by Nombini Mehlomakulu


Heritage resources are defined in very general terms as any place or object of cultural significance. These include obvious things viewed as heritage by most people such as archaeological sites, old buildings and perhaps graves. However, it also includes more abstract things such as cultural landscapes, sacred sites and living heritage.


Heritage resources are found throughout the landscape—in cities, townships and villages, on farms, in forests and deserts, even coastlines and beneath the seas. Where they exist, they are invariably affected by natural and human forces that may, at times, enhance their significance or reduce or destroy them.

Within a developmental context, and especially mining development, the importance of managing environmental and social risks has gradually evolved to the point where it has become entrenched in law and best practice. Mines cannot obtain licences without first ensuring that these risks are identified and plans are put in place to manage risks. However, heritage resources and their management are not considered in the same manner, notwithstanding that they are, in most instances, protected under law.

To best illustrate the importance and value of heritage resources, the preamble to the South African National Heritage Resources Act, 1999 (Act No. 25 of 1999) is quoted below. The content closely reflects the current international view of heritage resources and their management as it aims to— Promote good management of the national estate, and to enable and encourage communities to nurture and conserve their legacy so that it may be bequeathed to future generations.

Unique and precious

Our heritage is unique and precious and it cannot be renewed. It helps us to define our cultural identity and, therefore, lies at the heart of our spiritual well-being and has the power to build our nation. It has the potential to affirm our diverse cultures and, in so doing, shape our national character.

Our heritage celebrates our achievements and contributes to redressing past inequities. It educates, it deepens our understanding of society and encourages us to empathise with the experience of others. It facilitates healing and material and symbolic restitution and it promotes new and previously neglected research into our rich oral traditions and customs. Some of the concepts contained in the preamble are worth discussing in more detail, especially in the context of mining.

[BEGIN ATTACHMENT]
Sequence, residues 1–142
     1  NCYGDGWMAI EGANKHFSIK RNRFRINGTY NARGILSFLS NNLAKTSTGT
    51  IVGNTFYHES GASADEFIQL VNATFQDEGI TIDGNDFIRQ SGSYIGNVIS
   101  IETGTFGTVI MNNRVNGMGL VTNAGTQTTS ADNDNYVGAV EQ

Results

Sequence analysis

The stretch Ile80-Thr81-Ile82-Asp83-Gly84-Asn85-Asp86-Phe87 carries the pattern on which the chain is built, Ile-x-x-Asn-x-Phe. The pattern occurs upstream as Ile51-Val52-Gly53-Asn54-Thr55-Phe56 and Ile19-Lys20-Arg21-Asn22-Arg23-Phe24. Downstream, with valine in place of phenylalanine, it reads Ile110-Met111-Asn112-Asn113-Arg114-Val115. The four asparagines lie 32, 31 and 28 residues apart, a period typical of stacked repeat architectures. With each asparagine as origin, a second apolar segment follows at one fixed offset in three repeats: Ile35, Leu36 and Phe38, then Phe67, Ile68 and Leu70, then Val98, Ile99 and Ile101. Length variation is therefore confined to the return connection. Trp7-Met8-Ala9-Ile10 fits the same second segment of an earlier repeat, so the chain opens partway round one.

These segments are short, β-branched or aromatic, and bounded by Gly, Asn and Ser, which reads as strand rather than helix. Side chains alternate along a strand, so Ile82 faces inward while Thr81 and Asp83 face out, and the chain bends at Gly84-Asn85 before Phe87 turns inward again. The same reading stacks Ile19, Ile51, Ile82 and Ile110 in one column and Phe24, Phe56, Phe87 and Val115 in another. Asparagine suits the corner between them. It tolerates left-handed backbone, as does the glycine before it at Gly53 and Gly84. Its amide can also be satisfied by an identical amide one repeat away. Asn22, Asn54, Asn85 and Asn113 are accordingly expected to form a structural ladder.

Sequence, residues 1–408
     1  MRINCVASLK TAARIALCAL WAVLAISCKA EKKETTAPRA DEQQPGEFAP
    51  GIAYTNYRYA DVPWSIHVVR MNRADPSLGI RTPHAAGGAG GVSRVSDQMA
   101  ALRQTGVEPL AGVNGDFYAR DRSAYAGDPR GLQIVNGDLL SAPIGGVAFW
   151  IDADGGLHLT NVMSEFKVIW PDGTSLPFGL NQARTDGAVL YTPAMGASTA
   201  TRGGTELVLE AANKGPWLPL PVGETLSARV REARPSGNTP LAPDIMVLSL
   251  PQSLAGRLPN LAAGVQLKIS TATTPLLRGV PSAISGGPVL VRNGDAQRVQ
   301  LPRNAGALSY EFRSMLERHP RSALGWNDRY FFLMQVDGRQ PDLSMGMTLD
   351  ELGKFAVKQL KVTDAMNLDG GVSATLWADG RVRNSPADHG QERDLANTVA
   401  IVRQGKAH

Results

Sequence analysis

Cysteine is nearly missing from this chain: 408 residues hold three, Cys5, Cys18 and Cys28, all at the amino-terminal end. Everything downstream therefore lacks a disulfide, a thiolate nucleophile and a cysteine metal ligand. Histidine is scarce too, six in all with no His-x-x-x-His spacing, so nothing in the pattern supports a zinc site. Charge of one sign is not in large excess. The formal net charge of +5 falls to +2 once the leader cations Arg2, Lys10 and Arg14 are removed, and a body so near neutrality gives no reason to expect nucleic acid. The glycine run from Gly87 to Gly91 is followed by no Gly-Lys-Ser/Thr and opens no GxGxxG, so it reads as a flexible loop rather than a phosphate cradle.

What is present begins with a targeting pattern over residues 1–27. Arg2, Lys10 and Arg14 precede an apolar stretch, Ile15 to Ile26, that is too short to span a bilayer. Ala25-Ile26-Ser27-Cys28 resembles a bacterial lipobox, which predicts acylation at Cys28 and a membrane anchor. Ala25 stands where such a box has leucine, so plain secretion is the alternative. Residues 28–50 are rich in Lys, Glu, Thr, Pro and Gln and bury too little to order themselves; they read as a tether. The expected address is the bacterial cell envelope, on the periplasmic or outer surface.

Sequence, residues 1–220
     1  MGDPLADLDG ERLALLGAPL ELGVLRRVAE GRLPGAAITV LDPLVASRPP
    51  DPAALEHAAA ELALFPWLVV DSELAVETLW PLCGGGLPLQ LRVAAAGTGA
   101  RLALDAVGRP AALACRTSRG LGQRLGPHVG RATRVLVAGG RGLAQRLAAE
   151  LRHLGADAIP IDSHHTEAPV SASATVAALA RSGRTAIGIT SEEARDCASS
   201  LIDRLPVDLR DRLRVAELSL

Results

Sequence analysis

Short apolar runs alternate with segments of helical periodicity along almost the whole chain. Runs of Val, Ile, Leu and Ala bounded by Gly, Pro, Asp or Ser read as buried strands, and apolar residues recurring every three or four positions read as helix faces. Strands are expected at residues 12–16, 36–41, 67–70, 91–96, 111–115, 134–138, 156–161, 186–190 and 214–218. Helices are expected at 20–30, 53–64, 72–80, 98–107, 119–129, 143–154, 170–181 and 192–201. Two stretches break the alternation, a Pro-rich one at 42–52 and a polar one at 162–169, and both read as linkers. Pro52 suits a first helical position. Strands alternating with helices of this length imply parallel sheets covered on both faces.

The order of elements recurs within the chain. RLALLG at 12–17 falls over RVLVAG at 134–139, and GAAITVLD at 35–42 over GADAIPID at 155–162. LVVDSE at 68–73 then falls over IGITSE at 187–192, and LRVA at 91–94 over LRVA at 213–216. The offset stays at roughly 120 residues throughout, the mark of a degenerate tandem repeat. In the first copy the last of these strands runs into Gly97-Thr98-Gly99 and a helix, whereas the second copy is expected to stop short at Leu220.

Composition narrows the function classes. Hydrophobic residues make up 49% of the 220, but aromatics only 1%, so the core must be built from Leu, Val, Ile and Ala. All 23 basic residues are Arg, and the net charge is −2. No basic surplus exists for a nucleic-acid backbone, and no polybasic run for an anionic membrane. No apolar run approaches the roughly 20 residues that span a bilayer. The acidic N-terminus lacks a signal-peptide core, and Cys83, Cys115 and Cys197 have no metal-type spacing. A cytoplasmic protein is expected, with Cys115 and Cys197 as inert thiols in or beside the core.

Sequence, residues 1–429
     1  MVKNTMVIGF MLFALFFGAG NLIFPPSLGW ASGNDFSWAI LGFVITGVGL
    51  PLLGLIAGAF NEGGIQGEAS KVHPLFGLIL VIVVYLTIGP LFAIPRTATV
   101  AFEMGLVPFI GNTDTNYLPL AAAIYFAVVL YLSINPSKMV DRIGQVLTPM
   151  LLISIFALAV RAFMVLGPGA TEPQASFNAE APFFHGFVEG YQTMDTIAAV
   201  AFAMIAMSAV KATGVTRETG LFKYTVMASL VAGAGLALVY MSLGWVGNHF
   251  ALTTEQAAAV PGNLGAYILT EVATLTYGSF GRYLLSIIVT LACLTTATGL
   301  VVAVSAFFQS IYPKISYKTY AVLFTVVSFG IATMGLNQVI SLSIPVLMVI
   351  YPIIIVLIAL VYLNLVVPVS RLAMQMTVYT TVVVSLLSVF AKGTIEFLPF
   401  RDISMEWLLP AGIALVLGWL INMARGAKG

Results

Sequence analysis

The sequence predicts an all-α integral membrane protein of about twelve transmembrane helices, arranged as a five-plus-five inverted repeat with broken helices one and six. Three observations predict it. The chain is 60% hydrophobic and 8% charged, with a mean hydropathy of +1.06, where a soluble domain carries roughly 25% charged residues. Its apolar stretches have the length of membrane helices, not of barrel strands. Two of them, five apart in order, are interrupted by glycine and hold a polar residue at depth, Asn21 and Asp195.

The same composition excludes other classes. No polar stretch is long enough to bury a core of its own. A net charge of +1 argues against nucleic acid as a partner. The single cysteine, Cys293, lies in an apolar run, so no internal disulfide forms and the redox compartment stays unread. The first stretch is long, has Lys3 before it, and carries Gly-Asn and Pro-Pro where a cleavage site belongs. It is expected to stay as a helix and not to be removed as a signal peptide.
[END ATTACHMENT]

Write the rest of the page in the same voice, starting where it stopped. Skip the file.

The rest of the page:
Through encouraging communities to nurture and conserve their own legacies for future generations, it may be possible to enhance social benefits to communities affected by mining. Heritage is fundamental to the identity of individuals, groups, communities and societies. Where it is ignored or mismanaged, it very often results in complex and severe social repercussions. Heritage resources, especially tangible ones, are unique, finite and, generally, irreplaceable. The utmost care must, therefore, be taken to conserve heritage resources as far as possible.

Heritage resources

Managing heritage resources with and through communities could, via careful consideration and planning, enable long-term, sustainable alternative solutions to the legal and social responsibilities that mining companies have towards society. Heritage resources management may, for instance, be identified as a feasible component of Social and Labour Plans. Communities can be provided with opportunities to identify with and take ownership of a diverse range of heritage resources.

Should they be encouraged to conserve and develop these, there is a real potential for sustainable economic development that does not rely on mining-related projects. Heritage Month is celebrated during September in South Africa. This may be the ideal time to challenge the South African mining sector to reflect on its own very significant heritage, and how it can contribute to the national heritage.

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Issue 413


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